MSI KA760GM: 780G Minus the HD

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MSI's implementation of 760G is fairly power efficient when paired with a 45W processor, nearly matching the record idle power consumption of Gigabyte's 740G board. When used with a Phenom II however, the KA760GM is not as graceful, drawing much more power than Gigabyte's 790GX board and heating up the VRMs to unsettling levels. From a silent computing angle, it is lacking in other areas as well. The BIOS the board shipped does not allow for CPU voltage control, meaning no undervolting. In addition, its fan control system is jarringly reactive and can only control one PWM fan.

AMD's 760G chipset is a bit of an odd duck. It is essentially based on 780G but stripped of HD playback capability. We never expected to run into a new chipset that lacked this ability — we had come to believe that it would be standard from now on. The absence of UVD/Avivo HD will be a deal breaker for many users. The only demographic that suits 760G is composed of casual gamers with no interest in HD video who would be satisfied with the level of 3D performance provided by the IGP. Once a discrete graphics card is introduced, the only discernible advantage 760G has over 740G is the ability to do Hybrid Crossfire.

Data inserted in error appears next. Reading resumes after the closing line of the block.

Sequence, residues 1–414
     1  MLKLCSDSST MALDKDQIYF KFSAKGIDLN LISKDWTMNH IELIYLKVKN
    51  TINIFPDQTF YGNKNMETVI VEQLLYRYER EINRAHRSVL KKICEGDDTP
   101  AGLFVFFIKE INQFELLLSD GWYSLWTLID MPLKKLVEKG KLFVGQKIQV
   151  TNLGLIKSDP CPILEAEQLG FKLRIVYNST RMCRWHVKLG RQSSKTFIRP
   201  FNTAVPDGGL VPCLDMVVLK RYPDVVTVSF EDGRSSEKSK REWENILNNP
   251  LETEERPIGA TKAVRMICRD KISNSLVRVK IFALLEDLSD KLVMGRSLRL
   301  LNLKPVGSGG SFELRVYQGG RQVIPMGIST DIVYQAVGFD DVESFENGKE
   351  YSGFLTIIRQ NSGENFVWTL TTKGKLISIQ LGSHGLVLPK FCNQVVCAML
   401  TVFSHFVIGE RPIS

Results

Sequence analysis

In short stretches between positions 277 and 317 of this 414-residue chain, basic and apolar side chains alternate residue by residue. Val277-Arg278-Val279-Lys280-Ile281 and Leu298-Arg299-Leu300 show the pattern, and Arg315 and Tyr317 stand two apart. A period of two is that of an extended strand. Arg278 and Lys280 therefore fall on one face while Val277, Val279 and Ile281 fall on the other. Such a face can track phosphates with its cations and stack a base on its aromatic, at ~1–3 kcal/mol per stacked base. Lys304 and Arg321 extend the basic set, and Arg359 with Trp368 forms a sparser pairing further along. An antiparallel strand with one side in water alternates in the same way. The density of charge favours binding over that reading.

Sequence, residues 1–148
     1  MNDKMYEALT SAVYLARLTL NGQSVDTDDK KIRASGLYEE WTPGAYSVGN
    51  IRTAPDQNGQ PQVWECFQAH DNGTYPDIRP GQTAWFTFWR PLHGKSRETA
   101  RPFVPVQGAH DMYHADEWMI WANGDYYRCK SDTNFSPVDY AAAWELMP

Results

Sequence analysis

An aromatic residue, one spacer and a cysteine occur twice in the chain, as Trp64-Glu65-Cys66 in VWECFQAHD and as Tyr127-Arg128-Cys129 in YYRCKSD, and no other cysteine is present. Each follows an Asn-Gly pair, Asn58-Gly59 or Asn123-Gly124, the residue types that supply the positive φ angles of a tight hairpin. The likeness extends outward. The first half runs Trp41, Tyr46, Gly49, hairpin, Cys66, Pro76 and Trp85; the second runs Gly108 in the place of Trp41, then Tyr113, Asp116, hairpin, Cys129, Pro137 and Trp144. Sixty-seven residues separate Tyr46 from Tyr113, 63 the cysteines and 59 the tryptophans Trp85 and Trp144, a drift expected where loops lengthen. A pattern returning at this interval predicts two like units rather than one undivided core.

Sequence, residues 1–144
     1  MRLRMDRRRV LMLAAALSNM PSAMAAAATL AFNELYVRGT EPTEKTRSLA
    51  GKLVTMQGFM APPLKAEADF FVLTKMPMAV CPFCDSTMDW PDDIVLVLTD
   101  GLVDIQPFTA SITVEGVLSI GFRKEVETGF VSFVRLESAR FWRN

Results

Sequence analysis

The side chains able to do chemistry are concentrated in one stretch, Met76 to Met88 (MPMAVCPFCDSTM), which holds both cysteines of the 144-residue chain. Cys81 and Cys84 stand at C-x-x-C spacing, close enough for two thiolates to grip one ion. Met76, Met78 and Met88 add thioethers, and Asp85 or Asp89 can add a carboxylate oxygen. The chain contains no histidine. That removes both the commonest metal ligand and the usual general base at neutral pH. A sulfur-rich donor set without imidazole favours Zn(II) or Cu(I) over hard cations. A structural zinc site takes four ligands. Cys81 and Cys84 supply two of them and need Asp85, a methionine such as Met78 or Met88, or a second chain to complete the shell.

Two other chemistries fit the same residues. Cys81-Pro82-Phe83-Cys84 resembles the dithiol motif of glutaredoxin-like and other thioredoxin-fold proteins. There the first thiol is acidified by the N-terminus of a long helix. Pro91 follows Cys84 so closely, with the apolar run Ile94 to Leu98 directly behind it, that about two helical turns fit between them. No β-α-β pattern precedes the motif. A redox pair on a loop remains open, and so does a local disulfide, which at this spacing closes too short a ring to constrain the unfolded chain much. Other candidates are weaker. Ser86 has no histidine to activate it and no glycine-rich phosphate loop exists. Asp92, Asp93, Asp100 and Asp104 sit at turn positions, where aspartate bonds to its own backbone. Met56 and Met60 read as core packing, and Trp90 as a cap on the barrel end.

Price is also an issue 760G has to overcome — early 760G boards are showing up in North America with price tags of between $60 and $70 USD. The cheaper ECS/Foxconn 780G models retail for $70 and Gigabyte's 740G board can be found for as low as $55, putting the KA760GM and its brethren in a very tight spot.


* Low power consumption when paired with a 45W CPU
* 3D performance on par with 780G


* High Phenom II power consumption and temperatures
* Lacks H.264/VC-1 acceleration
* Restrictive BIOS — no undervolting
* Poor fan control capabilities

Our thanks to MSI for the motherboard sample.

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